COLUMBUS (WCMH) — After the Ohio Department of Health revealed 40 new ICU admissions Monday, the number of total admissions in the state is approaching 5,000 since the pandemic began.
“People need to take this virus very serious. The capacity of our hospitals are the capacity of our hospitals, and we’re trying our best to treat everyone and do the best possible thing we can for our patients,” said Dr. Nicholas Kreatsoulas from Mount Carmel.
But for healthcare systems across the state, with more admissions comes fewer capacity.
“It’s not just ICU beds, but hospital beds in general,” warns Dr. Joseph Gastaldo with OhioHealth.
Experts said more people aren’t just contracting COVID-19, but are getting critically sick from the virus.
“We’re seeing sicker patients being admitted to the hospitals and to our ICUs,” Kreatsoulas explained.
Though the Department of Health’s COVID-19 dashboard shows nearly a quarter of ICU beds in the state still available, according to the Ohio Hospital Association, less than 200 ICU beds are open in central Ohio’s Region 4, one of the most heavily infected areas in the state.
“ICU beds are tight,” Gastaldo said. “Hospitals are able to open up more ICUs as needed and there are many switches that the hospitals can pull the trigger on if needed to increase ICU bed capacity.”
While hospitals can activate those plans at any moments, healthcare systems across the state said those decisions won’t be made independently.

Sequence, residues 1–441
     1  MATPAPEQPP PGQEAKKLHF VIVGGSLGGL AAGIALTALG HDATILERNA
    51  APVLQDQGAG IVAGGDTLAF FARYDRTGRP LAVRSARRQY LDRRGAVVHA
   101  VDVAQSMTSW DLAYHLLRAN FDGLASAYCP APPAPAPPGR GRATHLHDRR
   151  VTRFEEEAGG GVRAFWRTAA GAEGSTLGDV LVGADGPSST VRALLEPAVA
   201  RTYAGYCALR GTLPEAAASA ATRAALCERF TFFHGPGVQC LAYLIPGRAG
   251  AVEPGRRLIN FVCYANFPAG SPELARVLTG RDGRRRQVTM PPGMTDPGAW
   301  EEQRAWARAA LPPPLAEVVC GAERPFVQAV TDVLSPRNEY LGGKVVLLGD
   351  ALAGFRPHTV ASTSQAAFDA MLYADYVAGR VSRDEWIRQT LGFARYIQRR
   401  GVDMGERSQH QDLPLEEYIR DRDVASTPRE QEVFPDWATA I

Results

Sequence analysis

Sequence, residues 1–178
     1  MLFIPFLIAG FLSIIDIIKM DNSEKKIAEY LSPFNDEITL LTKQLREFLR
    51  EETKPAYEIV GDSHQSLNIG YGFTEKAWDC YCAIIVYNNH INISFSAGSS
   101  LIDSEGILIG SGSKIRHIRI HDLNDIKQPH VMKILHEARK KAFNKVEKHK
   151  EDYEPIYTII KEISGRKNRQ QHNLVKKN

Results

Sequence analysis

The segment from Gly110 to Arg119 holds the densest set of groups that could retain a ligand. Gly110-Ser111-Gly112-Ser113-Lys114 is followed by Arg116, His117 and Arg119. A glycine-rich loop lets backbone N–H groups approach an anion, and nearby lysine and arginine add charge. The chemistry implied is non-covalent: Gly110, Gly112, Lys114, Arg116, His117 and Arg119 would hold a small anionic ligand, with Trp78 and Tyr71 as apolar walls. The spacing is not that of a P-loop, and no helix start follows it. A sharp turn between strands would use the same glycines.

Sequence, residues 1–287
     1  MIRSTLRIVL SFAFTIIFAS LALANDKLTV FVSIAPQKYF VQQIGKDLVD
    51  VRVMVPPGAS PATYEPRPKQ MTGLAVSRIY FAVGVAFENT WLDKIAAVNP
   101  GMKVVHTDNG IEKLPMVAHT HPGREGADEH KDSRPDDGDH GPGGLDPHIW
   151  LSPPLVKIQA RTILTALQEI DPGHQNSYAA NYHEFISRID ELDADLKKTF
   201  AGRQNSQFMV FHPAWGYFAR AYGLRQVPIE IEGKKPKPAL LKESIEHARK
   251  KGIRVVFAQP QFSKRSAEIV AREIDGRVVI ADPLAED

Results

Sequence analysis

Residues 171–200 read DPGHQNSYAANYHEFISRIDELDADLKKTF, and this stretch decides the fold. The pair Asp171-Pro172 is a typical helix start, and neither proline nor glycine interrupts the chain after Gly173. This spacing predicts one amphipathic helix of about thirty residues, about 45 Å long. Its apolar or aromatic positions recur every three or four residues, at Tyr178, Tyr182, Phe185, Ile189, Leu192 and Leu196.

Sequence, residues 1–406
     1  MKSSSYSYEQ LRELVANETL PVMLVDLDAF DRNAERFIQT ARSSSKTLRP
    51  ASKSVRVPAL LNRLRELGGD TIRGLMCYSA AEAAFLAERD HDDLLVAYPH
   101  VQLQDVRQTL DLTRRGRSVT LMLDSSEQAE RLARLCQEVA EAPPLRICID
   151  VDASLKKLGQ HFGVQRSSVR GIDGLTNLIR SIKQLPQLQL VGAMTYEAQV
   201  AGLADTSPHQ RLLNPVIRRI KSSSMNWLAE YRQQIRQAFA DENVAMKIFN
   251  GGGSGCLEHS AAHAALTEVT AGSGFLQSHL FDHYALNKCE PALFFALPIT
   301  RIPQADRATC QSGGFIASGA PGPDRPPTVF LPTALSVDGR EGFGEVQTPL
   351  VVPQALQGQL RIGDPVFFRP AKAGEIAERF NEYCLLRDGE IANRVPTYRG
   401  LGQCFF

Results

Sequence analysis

“There is a lot of juggling that goes on and within the state of Ohio, and specifically within our region, the four healthcare systems are always talking to each other about bed capacity and trying to help everybody out if needed,” Gastaldo said.
ICU admissions create even more challenges when it comes to patient care.
“When COVID patients go to the ICU, they have prolonged hospitalizations, and they can be there, on average, a much longer time than non-ICU COVID patients,” Gastaldo added.
This requires an increased need for those already most as risk.
“We have beds, but we’re limited by our nursing staff,” Kreatsoulas said. “Our nursing staff, our caregivers, our doctors are exhausted.”
Among contingency plans for the state is the mobile hospital at the Columbus Convention Center, but healthcare systems said those beds would likely be reserved for people not acutely ill. However, it still requires having enough staff to be able to care for the number of patients that could be transferred there.